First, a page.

• Asking people to read your stories or novels.
• Talking about your stories and novels.
• Asking people to spread the news about your stories or novels.
• Talking about your life outside of your writing.
• Giving away books and other prizes.
• Mentioning upcoming readings, prizes you’ve received, new stories you’re writing, and so on.
• And most importantly, interacting with your readers by responding to emails, Tweets, messages, and so on.
However, there are also some big social media no-nos, even bigger than throwing your book at the President in hopes that he’ll notice and talk you up. In the social media sphere, authors shouldn’t:
• Forget that the essense of social media is sharing and interaction. If you’re Neil Gaiman, you can play by your own rules and ignore this (not that he does). Everyone else ignores this truth at their own peril. If you don’t see social media as a means of actually interacting with people, then why use social media in the first place?
• Let your ego run amuck through the social media landscape. If every word from your Twitter account proclaims that you’re the best writer on the planet, then no one will want to follow you. It is one thing to be confident in your abilities. It is another to be an arrogant SOB. And most people know enough arrogant SOBs in their everyday lives that they have no desire to meet another through social media.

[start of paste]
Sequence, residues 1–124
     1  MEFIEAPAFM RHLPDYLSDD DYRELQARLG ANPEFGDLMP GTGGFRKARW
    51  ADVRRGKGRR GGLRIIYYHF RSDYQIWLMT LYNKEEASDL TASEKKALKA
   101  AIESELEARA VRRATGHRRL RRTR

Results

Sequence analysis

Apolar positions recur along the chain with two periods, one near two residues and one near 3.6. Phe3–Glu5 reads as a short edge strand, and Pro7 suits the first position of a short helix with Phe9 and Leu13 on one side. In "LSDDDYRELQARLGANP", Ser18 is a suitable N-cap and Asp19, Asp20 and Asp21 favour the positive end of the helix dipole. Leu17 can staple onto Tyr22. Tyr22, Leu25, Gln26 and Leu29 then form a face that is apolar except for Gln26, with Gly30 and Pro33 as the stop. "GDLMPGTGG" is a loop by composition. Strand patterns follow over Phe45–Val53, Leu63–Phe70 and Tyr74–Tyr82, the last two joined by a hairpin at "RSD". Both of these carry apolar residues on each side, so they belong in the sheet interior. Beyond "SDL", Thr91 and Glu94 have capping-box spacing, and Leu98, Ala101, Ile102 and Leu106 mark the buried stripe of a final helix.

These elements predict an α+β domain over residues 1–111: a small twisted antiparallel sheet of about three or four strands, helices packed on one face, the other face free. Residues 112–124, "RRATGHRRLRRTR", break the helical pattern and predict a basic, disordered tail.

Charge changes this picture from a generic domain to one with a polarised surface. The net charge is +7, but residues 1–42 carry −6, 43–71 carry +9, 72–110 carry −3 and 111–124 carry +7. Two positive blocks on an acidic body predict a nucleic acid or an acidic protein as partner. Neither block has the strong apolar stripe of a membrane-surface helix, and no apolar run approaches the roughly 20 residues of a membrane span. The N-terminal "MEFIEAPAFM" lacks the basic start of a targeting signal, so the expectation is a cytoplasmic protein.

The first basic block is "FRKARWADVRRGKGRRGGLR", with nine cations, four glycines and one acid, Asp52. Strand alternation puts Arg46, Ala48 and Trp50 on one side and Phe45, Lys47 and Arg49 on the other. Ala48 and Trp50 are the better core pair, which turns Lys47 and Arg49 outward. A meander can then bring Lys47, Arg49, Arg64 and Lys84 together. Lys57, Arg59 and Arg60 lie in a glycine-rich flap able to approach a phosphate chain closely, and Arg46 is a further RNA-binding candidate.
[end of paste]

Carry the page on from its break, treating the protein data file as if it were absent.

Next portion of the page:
• Stir up controversy simply to attract attention. The easiest thing to be online is a troll, but who wants to read a troll’s memoir about irritating half the world? This doesn’t mean you shouldn’t state what you feel and think using social media. But if the only reason you use social media is to tick people off, you should rethink what you’re doing.
• Forget that your first job as a writer is to write. While social media can be fun, don’t forget that it isn’t the first thing you should do with your time. Your writing should always come before using social media.
• Forget that the social media world isn’t the real world. Yes, real people interact using social media. And yes, social media can influence the real world. But if you don’t ever leave the cocoon of the social media world, your life will suffer. And if your life suffers, your writing can’t be far behind.
At the end of the day, don’t forget that the best social media promotion an author can do is to be yourself. If you are a jerk at heart, this will eventually come through in your social media interactions. Likewise, if you are a nice person who cares about your readers, they will also realize that through your social media interactions.
Jason Sanford, an active member of SFWA, was a finalist for the 2009 Nebula Award for Best Novella. He won both the 2008 and 2009 Interzone Readers’ Polls and is a co-founder of the literary journal storySouth, which features the annual Million Writers Award for best online fiction. He lives in the Midwestern U.S. with his wife and sons. A version of this post originally appeared on his website, Oct 15th, 2010.